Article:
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Budget: Public spending outlook bleak

Despite headline figures of Covid support emerging from the UK budget, the long-term outlook for public spending in Northern Ireland remains bleak, writes David Whelan.

While the £412 million extra for Northern Ireland as part of the Chancellor of the Exchequer Rishi Sunak’s March budget was welcomed in Northern Ireland, the Covid-related nature of the money will have little impact on the Executive’s day-to-day spending capability. 

Northern Ireland’s Finance Minister described a ‘flat-cash budget’ for mainstream public services after it was revealed that core spending for Stormont departments will rise by only £4.2 million, with no additional capital funding, as a result of the UK budget. 

Murphy had lobbied for extra capital money to act as a stimulus to the Northern Ireland economy as it seeks to recover from the impact of Covid-19 but none was forthcoming. 

“An investment-led approach is absolutely critical given we have never fully emerged from years of austerity measures,” he had argued.

UK Chancellor Rishi Sunak says that he delivered a budget that “meets the moment” but his further claims that investment will fuel economic growth and “ensure we bounce back from this pandemic together” has been met with scepticism. 

The budget also confirmed the now well-known move by the UK Government not to apply the Barnett formula to replacement EU funding and enable the devolved nations to administer funds. Instead, the Government will retain control of the Levelling Up Fund in Westminster.  

Main features of the UK Budget 

• Furlough extension 

• Widening of self-employment grant

• Corporation tax rise from 19 per cent to 25 per cent  in April 2023

• Income tax, national insurance and VAT rate freeze

• Stamp duty holiday extension on house purchases in England and Northern Ireland extended to 30 June

• Minimum wage to increase to £8.91 an hour from April

• £20 weekly uplift in Universal Credit extension 

• £500 one-off payment for working tax credits claimants 

• £1.2 billion in funding for the Scottish government, £740 million for the Welsh government and £410 million for the Northern Ireland Executive

The budget did provide some financial relief, particularly for businesses and the worst-hit public services in the form of furlough extension, additional supports for the newly self-employed and Covid-related funding. 

The furlough extension will serve as a relief for many businesses in Northern Ireland. With heavy restrictions still in place, over 100,000 people remain on the scheme and there were fears that the proposed end date for the scheme would have proved a cliff-edge scenario for employers.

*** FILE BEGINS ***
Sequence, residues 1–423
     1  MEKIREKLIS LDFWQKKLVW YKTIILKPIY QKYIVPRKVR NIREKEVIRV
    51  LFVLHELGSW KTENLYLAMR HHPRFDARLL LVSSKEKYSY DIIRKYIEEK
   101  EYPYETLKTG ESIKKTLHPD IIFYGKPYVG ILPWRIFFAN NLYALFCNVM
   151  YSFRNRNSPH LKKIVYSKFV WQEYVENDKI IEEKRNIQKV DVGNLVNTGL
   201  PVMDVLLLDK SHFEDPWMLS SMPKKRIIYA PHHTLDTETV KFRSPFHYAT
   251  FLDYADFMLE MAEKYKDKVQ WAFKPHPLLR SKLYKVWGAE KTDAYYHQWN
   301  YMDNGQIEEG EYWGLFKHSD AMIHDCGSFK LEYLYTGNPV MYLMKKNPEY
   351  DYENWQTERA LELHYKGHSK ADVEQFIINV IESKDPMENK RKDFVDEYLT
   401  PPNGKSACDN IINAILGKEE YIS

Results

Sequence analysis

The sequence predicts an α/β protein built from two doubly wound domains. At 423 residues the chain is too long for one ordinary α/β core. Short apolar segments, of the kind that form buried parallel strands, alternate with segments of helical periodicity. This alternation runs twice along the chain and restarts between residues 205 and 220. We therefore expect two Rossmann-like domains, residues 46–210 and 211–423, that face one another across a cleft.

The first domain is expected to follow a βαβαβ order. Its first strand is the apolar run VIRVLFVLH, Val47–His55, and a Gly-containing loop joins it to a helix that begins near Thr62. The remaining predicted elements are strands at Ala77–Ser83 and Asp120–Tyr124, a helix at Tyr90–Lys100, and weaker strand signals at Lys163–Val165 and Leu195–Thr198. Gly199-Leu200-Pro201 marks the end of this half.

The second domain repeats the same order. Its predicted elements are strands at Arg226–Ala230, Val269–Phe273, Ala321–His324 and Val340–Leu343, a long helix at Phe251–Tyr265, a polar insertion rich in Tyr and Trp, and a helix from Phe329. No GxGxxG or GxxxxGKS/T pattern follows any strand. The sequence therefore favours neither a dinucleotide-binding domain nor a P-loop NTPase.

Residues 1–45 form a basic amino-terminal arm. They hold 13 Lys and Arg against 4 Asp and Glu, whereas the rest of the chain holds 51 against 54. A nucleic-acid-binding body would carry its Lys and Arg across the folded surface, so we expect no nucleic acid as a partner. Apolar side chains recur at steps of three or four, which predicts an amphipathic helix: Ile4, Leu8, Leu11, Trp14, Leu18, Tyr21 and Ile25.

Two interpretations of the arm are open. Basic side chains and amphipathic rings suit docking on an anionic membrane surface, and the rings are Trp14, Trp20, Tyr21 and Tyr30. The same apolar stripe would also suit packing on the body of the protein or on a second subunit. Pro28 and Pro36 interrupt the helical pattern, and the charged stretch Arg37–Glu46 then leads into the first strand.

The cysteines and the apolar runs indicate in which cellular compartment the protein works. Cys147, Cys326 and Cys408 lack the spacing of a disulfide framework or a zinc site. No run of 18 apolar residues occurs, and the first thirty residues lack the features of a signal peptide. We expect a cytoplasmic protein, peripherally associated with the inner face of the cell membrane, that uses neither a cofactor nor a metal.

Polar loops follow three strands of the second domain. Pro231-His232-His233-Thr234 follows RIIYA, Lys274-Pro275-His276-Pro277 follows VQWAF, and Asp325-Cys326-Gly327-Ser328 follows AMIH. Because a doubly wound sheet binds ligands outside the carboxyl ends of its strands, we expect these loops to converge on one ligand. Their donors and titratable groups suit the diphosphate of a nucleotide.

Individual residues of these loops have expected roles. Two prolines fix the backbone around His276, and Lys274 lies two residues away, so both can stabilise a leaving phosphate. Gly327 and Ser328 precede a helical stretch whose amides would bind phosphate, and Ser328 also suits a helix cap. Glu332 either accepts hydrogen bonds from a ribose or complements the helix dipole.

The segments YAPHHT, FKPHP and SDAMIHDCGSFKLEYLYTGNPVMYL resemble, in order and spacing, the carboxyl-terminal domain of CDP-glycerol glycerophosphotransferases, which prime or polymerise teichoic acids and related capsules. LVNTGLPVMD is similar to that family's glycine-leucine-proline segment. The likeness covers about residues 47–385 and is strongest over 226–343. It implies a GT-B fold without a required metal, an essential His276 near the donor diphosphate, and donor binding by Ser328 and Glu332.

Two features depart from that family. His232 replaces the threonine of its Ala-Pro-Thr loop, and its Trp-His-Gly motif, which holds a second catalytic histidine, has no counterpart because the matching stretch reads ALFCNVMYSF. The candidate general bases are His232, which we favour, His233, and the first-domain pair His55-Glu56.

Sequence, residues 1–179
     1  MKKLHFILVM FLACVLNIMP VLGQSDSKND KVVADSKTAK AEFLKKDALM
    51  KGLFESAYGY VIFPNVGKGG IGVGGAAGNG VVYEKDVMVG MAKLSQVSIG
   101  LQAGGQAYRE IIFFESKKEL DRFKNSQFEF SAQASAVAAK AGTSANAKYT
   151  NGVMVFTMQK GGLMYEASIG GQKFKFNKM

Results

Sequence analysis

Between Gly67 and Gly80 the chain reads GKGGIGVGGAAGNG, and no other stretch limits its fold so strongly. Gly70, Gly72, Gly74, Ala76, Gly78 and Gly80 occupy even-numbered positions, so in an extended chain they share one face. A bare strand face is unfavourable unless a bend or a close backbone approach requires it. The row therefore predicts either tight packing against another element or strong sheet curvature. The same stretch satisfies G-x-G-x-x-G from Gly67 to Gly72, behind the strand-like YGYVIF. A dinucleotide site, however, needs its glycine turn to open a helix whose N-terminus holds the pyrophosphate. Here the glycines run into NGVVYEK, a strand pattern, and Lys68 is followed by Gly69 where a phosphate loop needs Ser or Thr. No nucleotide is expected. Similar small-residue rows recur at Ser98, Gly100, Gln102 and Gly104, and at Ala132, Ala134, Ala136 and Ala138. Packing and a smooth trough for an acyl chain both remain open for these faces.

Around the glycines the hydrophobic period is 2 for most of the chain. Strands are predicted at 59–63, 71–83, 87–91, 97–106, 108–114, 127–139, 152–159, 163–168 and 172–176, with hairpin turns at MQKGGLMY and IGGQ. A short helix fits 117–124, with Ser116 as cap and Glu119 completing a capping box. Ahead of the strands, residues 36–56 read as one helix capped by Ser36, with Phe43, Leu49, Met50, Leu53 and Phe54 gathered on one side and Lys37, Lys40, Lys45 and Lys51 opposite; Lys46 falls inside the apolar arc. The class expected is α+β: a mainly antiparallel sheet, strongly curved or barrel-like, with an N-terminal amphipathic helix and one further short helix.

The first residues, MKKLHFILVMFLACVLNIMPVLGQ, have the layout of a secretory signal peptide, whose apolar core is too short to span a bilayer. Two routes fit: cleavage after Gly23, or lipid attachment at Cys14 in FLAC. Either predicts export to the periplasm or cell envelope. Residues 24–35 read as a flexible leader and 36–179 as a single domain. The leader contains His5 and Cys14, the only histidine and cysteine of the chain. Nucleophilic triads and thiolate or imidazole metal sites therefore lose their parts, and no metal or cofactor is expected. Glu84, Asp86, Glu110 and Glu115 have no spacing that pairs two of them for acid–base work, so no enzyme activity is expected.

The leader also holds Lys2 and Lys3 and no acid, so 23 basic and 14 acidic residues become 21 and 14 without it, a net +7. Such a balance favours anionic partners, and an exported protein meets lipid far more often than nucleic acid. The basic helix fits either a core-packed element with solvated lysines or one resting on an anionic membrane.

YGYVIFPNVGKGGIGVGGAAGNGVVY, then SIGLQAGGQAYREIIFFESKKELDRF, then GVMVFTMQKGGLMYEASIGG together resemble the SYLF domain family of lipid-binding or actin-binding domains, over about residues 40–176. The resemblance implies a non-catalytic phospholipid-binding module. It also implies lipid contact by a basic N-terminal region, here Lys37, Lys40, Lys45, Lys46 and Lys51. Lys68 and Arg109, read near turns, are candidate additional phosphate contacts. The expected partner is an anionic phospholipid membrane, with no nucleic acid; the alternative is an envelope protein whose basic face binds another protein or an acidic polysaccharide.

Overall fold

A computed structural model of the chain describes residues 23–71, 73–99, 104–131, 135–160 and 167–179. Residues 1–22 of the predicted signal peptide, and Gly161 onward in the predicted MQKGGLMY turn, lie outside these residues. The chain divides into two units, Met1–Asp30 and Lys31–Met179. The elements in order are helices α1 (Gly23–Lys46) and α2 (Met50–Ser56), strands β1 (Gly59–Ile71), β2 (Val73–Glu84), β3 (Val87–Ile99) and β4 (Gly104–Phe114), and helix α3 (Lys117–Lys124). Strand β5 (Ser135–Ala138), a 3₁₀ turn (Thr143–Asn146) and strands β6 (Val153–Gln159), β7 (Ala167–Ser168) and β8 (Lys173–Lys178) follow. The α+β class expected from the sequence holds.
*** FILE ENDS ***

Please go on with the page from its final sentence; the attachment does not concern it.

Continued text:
However, concerns have been raised that changes to the scheme which will require employers to pay 10 per cent towards employee hours not worked in July and increasing to 20 per cent in August and September.

Many have read changes to the scheme as a government assumption that the economy, particularly the private sector, will be fully operational again by June. However, with the Northern Ireland Executive and the UK Government operating different restriction lifting roadmaps and with expected differing levels of economic recovery, the threat of higher levels of redundancies in Northern Ireland in coming months is evident. 

The Chancellor also announced that the Northern Ireland Housing Executive (NIHE) is to be exempted from Corporation Tax from 2021–22, an estimated £10 million annual saving to the Northern Ireland Executive. 

Concern about the long-term outlook for public spending in Northern Ireland had already been raised after Finance Minister Conor Murphy brought the draft budget for 2021–2022 to the Northern Ireland Assembly in January 2020. 

The budget outlined a decline in day-to-day expenditure in cash terms and once adjusted for inflation represents a cut to current expenditure on public services. It is important to recognise that figures for this budget are not being compared against a Covid-inflated budget last year. The nature of the 2020-21 budget was such that it only included £120 million for Covid response as its publication coincided with the beginning of the pandemic. Northern Ireland received more than £3 billion in Covid-funding in total but this was managed on an ad-hoc basis.

“I recognise for most departments the draft budget outcome represents flat cash settlement which will mean effective reductions once increased costs and demands on services are taken into account. Choices will have to be made, public services will have to be prioritised,” said Murphy.

The Finance Minister described the budget as “difficult” and set out a “standstill” position from the previous 2020–2021 budget. 

In terms of Covid response, the Department of Finance allocated £380 million of the £538 million Covid response funding to the Department of Health, £30.6 million to the Department of Education, £700,000 towards higher education and £126.9 million remains to be allocated. 

The Minister opted not to increase revenue through the increase of regional rates. However, following the UK budget announcement, Murphy has announced his intention to follow through on a New Decade, New Approach agreement to establish a fiscal commission to examine the Executive’s tax-varying powers. 

One of the main examinations by the commission will likely be the corporation tax rate. Northern Ireland secured powers to devolve the corporation tax rate through the Fresh Start Agreement in 2015. At the time, the Executive pledged to lower the rate in line with the Republic of Ireland to 12.5 per cent but has never diverged from the UK rate. With the UK planning to raise its rate to 25 per cent in 2023, Northern Ireland may now seek to gain a competitive advantage.

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